3 Early Tech Innovators Who Remain Unknown

Modern media coverage of technology entrepreneurs has re-imagined what it means to be an innovator as the impact of web engineers and cloud computing transforms whole industries.  In fact, much of the technology developed by recent entrepreneurs has helped to transform the media industry itself – creating a sparkling prism through which to view their geeky wizardry.

Early in the 20th century several important innovators paved the way for today’s modern technologists.  Lacking instant communications and obscured behind secret military programs, these men advanced technology and scaled their innovations in ways that far surpass their lifespans.  The following is a tribute to these unknown innovators.

Leó Szilárd

Leó Szilárd (Hungarian: Szilárd Leó; German: Leo Spitz until age 2; February 11, 1898 – May 30, 1964) was a Hungarian-American physicist and inventor. He conceived the nuclear chain reaction in 1933, patented the idea of a nuclear reactor with Enrico Fermi, and in late 1939 wrote the letter for Albert Einstein's signature that resulted in the Manhattan Project that built the atomic bomb.   He also conceived the electron microscope, the linear accelerator (1928, not knowing Gustav Ising's 1924 journal article and Rolf Widerøe's operational device) and the cyclotron.  Szilárd himself did not build all of these devices, or publish these ideas in scientific journals, and so credit for them often went to others.  As a result, Szilárd never received the Nobel Prize, but others were awarded the Prize as a result of their work on two of his inventions.  He was born in Budapest in the Kingdom of Hungary, and died in La Jolla, California.

As a survivor of the political and economic devastation in Hungary following World War I, which had been eviscerated by the Treaty of Trianon, Szilárd developed an enduring passion for the preservation of human life and freedom, especially freedom to communicate ideas.

He hoped that the U.S. government would not use nuclear weapons because of their potential for use against civilian populations.   Szilárd hoped that the mere threat of such weapons would force Germany and/or Japan to surrender. He also worried about the long-term implications of the usage of nuclear weapons, predicting that their usage by the United States would start a nuclear arms race with Russia. He drafted the Szilárd petition advocating demonstration of the atomic bomb. However with the European war concluded and the U.S. suffering many casualties in the Pacific Ocean region, the new U.S. President Harry Truman agreed with advisers and chose to use atomic bombs against Hiroshima and Nagasaki over the protestations of Szilárd and other scientists.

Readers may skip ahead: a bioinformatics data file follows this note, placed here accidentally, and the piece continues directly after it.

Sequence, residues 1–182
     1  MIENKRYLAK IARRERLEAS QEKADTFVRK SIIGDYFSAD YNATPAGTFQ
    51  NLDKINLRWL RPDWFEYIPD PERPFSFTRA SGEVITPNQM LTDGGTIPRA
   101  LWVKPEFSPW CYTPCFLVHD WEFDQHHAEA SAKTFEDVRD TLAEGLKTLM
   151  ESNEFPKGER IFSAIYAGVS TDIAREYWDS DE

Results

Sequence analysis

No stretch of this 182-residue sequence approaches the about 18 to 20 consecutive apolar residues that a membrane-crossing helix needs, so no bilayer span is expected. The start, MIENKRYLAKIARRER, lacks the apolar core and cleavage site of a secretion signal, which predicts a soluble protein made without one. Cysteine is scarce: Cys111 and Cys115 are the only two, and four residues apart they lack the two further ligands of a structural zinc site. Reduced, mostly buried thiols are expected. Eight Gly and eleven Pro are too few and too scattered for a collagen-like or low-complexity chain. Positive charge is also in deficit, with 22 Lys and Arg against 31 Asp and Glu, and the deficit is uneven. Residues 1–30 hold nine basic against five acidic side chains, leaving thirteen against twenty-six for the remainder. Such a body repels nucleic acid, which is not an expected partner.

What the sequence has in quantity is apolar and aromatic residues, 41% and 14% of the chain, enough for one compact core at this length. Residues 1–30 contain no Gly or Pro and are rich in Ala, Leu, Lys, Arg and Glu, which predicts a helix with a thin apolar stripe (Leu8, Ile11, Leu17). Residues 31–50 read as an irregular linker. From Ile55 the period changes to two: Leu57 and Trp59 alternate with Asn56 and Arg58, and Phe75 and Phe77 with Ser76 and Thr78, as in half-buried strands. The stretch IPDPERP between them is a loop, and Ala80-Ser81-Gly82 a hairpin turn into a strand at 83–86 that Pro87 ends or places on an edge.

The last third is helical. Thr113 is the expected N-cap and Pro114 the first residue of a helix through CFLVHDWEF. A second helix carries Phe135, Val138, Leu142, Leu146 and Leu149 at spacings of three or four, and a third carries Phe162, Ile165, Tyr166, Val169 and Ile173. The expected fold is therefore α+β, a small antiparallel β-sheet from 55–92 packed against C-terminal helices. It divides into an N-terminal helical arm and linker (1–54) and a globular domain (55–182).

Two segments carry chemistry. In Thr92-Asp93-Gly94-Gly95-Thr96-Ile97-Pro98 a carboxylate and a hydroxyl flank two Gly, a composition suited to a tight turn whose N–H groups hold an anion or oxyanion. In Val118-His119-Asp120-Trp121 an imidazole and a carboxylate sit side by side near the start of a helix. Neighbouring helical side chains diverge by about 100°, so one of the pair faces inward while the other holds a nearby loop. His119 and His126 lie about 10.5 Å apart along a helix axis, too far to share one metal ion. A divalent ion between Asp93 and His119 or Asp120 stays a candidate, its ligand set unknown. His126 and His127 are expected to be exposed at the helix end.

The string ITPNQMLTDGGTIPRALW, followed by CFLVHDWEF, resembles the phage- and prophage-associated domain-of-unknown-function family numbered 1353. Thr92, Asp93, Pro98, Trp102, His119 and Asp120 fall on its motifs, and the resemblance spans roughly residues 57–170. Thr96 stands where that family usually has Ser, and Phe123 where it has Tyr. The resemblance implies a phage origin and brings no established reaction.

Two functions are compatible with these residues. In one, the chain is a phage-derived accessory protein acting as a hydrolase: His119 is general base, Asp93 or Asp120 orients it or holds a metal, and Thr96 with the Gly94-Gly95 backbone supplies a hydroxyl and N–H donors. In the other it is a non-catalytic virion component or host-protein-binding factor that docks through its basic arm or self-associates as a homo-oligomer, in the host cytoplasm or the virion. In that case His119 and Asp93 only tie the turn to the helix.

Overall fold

John Barbeen


John Bardeen (May 23, 1908 – January 30, 1991) was an American physicist and electrical engineer, the only person to have won the Nobel Prize in Physics twice: first in 1956 with William Shockley and Walter Brattain for the invention of the transistor; and again in 1972 with Leon N Cooper and John Robert Schrieffer for a fundamental theory of conventional superconductivity known as the BCS theory.

The transistor revolutionized the electronics industry, allowing the Information Age to occur, and made possible the development of almost every modern electronic device, from telephones to computers to missiles. Bardeen's developments in superconductivity, which won him his second Nobel, are used in Nuclear Magnetic Resonance Spectroscopy (NMR) or its medical sub-tool magnetic resonance imaging (MRI).

Alexander Kartveli

Kartveli over table.jpg

Alexander Kartveli, born in Georgia as Alexander Kartvelishvili, (September 9, 1896 – June 20, 1974) was an influential aircraft engineer and a pioneer in American aviation history.  Kartveli achieved important breakthroughs in military aviation in the time of turbojet fighters. He is considered to be one of the most important and innovative aircraft designers in US history and the world.

Since Kartveli’s work involved secret military affairs, he was for many years shielded from the public.  Information about his work and personality were classified, as there was a general threat from espionage, assassination or kidnapping of scientists and engineers. This situation persisted until after his death. Just recently, Smithsonian and military archives revealed a certain amount of data about his persona and works on requests from Georgian authorities.   What emerged is a engineering and design genius whose contributions to air superiority and advances in technology impacted millions of lives and spans several generations.  Even today the A-10 Warthog, a Kartveli design,  is feared as the most potent close air support fighter aircraft in the world.

Source:  Wikipedia